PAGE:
Sapsucker rolls out nationally with a new sense of purpose

The water brand shifts its message to focus on sustainability, while also releasing a four-pack to fit with pandemic trends.


Sparkling water brand Sapsucker is pivoting its brand purpose as it rolls out nationally with Loblaw.

With the help of Gravity Partners, Sapsucker built a new overarching brand mission, “life designed with purpose,” part of a strategic effort to move away from being “cool and trendy” to instead align itself with making a broader impact, says CEO Tim Lute.

The first-in-its-category sparkling water beverage sourced from maple trees launched this past summer. Sapsucker originally came to market in specialty stores like Whole Foods and Pusateri’s, before doing regional launches with Sobeys and Metro. During the 50-store Toronto area Metro banner program, the grocer showcased it alongside growing and like-minded brands in a dedicated pallet to build extra profile.

Now, Sapsucker is debuting nationally in Loblaw stores with a new shopper program that emphasizes its sustainability proposition, emphasizing that it is sustainably harvested from Canadian maple trees. That aims to help the brand stand out in a functional beverage category that has a lot of international players.

The brand’s “Refreshing by Nature” messaging combines the taste appeal and functional side of the business, while also referencing the beauty of the outdoors, and Lute says its new “#drinktree” hashtag is meant to educate the consumer about tree water.

According to Lute, in a post-COVID world, the messaging tone reflects the fact that consumers are increasingly leading with their conscience and putting heightened demand on premium and local.

“You are going to see us use ‘#drinktree’ in all forms of communication, on social, on its whole suite of point of sale,” Lute says. “[The hashtag] brings to life our story, all of the functional benefits and the beautiful imagery that is on our social aesthetic, which is quite contemporary.”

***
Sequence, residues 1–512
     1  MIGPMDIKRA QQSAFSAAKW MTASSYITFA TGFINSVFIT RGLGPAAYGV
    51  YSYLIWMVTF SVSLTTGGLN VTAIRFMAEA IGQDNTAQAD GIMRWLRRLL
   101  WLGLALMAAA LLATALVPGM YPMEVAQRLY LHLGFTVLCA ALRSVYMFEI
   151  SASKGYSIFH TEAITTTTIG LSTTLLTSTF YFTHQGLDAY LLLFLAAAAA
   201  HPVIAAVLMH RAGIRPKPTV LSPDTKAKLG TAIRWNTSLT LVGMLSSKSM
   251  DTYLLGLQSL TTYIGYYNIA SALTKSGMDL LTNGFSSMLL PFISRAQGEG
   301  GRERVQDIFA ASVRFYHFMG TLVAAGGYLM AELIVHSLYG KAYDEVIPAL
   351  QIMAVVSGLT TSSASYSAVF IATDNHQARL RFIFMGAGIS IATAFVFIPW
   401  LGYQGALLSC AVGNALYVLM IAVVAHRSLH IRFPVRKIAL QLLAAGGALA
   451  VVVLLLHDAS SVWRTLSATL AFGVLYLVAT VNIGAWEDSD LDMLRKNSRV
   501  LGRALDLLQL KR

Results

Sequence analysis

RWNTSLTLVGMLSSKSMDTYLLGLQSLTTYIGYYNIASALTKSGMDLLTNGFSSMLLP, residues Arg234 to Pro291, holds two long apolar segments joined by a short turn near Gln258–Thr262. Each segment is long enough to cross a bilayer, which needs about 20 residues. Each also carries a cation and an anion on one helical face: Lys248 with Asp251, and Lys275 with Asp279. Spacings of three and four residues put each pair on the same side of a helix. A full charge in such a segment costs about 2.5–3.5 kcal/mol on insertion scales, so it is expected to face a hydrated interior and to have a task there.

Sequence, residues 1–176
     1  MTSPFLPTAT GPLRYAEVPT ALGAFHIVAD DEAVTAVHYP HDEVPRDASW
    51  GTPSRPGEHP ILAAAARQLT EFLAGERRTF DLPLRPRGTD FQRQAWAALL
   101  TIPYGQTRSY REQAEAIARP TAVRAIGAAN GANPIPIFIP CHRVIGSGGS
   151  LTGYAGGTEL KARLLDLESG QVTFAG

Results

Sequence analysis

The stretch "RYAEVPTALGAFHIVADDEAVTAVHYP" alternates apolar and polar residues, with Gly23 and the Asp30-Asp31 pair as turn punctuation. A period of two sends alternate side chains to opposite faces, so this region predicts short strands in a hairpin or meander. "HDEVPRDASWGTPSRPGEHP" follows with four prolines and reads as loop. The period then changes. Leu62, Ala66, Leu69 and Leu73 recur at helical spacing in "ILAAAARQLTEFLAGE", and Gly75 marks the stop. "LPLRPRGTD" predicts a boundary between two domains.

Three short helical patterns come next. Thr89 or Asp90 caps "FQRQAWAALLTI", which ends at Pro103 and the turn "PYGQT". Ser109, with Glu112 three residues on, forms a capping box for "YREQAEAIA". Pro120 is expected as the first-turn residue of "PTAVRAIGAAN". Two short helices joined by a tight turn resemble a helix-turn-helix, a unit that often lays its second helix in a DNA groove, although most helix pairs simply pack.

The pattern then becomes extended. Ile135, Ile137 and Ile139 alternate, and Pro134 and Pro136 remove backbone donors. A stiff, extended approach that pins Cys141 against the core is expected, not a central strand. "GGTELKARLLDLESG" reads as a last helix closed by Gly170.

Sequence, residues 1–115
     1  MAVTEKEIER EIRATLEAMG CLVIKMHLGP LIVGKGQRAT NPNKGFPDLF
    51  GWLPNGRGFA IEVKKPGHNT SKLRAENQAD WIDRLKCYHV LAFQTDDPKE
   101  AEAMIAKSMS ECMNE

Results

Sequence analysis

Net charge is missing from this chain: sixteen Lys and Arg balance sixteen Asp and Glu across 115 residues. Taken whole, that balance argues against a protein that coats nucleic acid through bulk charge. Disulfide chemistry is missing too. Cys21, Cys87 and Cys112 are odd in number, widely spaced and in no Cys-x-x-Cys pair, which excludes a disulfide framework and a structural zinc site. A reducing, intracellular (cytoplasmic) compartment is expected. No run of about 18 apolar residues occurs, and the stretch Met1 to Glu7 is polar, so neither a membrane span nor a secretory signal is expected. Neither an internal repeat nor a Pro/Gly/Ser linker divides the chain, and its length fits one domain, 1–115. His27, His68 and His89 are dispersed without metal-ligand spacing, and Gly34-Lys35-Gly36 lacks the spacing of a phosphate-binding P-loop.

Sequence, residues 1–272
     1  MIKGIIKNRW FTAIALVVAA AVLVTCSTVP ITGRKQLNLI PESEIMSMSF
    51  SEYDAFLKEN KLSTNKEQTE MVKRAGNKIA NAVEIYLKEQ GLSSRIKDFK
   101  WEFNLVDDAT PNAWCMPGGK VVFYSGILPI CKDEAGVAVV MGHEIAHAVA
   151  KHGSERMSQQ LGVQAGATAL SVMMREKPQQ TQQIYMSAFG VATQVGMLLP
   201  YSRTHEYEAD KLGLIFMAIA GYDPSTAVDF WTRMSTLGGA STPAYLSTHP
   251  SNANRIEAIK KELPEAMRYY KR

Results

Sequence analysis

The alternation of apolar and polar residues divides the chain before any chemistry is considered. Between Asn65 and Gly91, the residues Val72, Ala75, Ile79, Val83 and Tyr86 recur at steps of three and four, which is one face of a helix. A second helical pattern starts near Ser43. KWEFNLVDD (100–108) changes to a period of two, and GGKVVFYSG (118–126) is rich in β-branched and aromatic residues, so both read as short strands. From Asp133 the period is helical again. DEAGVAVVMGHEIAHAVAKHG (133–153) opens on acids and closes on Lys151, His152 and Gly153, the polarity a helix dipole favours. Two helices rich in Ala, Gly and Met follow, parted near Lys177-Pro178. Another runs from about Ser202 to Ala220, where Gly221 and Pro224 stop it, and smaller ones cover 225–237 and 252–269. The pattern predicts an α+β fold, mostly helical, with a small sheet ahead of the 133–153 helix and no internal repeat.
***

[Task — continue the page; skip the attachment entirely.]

Sapsucker shelf wobblerSapsucker is also once again teaming up with agency Vanderbrand on a new format, a small “transaction pack” to drive trial and incidence, a reflection of a change in shopping behaviours thanks to COVID.

Lute tells strategy that a four-pack box is useful right now, as there’s a decline in the single-serve business, with consumers not going to deli areas for lunch or shopping cold spaces out of impulse as they once did.

“A lot of our consumers live in urban markets and in smaller households. So, a four pack prevents hand touching,” Lute says, adding that back in March, Sapsucker really leaned into its direct to consumer business. It recently partnered with all the online grocery players, and will be added Sobeys’ Voila platform shortly.

In terms of broader messaging, Sapsucker recently did an Instagram takeover with, and partnered with Chef Cookit and LiveFit foods in the meal kit space for broader reach.

It’s also gearing up for more exciting innovations, and is currently working through package and brand design for new SKUs set to launch next year, Lute says.

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